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Two years ago, I was against an indoor gun range at this intersection, not because of the guns, but because the intersection has not been integrated into the city planning process. The existing businesses operated under an old zoning code that hadn't been updated to align with the rest of the city. To my knowledge, nothing has changed in those two years.
Be it a gas station or gun range or the new Amazon headquarters, we need to integrate this intersection with the long term planning of the city BEFORE any development takes place.
Posted 11 November 2017, 4:47 a.m.
Because the last time we had a Republican experiment in Kansas it turned out GREAT.....
Posted 18 October 2017, 5:39 p.m.
@Josh, in the employment world, people are protected by anti-retaliation laws, where an employer cannot make negative employment decisions based on reporting harassment or discrimination. Your employer may not give you a safe space, but they most certainly are obligated to investigate any acts of retaliation and respond appropriately.
When I was younger, it's not that people across the gender spectrum didn't exist, but society as a whole told everyone a little different to sit down and shut up; that not fitting into the "boy means x, girl means y" paradigm was a reason for the rest of society to marginalize you as a person. We have learned this to be wrong, and slowly begun the process of deprogramming ourselves away from the harmful attitudes of the past. It's tough, I even catch myself saying things wrong every so often, because I don't always understand the nuances. But I'm working on it.
So when these kids - who would certainly have been marginalized in ages past - stand up and say they won't take it, they are saying they will not reverse the progress we have all worked so hard as a society to obtain. They are doing the heavy lifting that adults should have been doing for a long time.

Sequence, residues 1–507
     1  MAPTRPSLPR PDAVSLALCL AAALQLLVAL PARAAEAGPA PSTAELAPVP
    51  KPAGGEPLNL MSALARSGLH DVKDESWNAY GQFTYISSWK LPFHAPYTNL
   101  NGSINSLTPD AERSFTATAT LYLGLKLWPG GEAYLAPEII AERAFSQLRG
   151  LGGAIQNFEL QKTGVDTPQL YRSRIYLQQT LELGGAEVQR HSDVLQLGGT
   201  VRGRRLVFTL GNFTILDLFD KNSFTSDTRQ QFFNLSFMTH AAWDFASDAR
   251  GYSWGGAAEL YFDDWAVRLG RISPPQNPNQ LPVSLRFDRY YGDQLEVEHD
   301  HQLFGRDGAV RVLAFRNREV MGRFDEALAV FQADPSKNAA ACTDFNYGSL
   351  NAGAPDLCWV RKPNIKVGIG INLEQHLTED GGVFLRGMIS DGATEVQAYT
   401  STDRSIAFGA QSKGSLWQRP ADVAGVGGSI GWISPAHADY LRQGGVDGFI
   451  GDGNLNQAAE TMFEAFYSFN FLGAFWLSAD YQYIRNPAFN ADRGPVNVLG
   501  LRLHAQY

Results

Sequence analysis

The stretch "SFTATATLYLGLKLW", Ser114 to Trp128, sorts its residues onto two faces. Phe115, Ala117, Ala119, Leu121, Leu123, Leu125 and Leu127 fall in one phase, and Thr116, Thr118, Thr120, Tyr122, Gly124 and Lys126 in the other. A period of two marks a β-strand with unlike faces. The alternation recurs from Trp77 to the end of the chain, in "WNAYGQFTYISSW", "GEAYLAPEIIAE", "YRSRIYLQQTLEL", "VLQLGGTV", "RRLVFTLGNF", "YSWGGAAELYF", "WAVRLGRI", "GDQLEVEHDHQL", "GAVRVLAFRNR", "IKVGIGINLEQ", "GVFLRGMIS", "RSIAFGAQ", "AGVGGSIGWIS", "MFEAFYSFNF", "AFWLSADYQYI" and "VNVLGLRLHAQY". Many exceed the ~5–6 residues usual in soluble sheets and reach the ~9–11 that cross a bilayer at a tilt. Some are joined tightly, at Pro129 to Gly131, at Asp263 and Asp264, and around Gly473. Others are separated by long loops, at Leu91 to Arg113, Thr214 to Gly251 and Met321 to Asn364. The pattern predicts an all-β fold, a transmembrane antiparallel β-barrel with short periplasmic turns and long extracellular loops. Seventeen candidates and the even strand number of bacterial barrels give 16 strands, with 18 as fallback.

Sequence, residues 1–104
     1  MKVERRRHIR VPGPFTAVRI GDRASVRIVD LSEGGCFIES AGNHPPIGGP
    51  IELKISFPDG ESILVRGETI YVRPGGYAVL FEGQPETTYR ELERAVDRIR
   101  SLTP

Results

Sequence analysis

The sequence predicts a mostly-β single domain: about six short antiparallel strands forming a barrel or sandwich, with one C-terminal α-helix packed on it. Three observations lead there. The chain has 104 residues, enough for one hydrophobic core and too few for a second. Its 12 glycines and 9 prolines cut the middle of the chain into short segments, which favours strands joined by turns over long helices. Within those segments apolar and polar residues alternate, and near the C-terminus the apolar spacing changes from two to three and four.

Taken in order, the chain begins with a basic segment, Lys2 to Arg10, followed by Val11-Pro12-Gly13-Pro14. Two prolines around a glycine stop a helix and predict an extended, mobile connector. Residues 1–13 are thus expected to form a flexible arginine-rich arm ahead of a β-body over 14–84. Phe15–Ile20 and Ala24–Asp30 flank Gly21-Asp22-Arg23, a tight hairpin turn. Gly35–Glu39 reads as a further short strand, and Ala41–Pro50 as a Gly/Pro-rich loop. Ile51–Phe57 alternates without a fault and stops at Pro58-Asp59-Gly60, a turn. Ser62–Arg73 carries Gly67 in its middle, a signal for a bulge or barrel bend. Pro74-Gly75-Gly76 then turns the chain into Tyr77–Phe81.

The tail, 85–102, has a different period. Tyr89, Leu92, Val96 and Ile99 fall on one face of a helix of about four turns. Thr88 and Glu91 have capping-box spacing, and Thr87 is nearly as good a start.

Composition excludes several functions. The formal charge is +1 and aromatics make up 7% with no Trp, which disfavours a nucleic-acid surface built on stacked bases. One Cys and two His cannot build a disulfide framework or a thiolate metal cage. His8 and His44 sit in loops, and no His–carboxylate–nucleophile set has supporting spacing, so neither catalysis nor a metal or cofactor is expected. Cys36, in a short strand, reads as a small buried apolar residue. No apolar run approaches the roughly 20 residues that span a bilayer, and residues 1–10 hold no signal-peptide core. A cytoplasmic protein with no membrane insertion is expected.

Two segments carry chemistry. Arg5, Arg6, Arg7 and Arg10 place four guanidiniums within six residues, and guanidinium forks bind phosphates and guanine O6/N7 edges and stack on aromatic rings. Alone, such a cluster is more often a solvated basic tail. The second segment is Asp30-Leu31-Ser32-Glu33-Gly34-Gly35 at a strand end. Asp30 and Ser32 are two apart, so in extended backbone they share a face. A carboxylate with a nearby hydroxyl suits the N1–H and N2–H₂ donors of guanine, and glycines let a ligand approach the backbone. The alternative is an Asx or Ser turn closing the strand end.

Posted 19 September 2017, 8:37 p.m.
You know, there was one city commission candidate who was openly against increasing the mill levy to fund a new police station, entirely on the premise that voters should have a right to weigh in on the decision. Lo and behold, that person lost in the city primary by a not-small margin.
As much as it pains me to say it, looks to me like the voters have spoken.
Posted 9 August 2017, 8:58 p.m.
I'm not saying there aren't some benefits to infill projects, however there are other issues we are grappling with as a city. According to the 2010 Census, Lawrence was among the most-dense cities in Kansas, significantly higher than Topeka, Wichita, and Kansas City. And that was before these downtown projects started.
I would rather our city incentives focus on solving our housing shortages, incentivizing single family homes under certain price levels to deal with both the shortage and look at working class affordable housing. Downtown projects for mixed usage are profitable on their own and push the limits of what NRA incentives were designed for.
Posted 21 July 2017, 4:50 a.m.
Cross posted from my campaign Facebook page:
Unfortunately, Mr. Wilbur's proposed solutions aren't even close to fixing everything that would happen if the sales tax isn't renewed. Affordable housing initiatives can't have funding removed and the difference made up by simply saying "bring in higher paying jobs." You can't lament the regressive nature of sales tax in one breath, then propose increasing fees for city transit in the other.
That being said, I've always thought there needs to be a reasonable opposition to anything we do in government to keep us on check. While I don't agree particularly with Mr. Wilbur, I applaud him for his willingness to speak up.
Posted 7 July 2017, 11:19 a.m.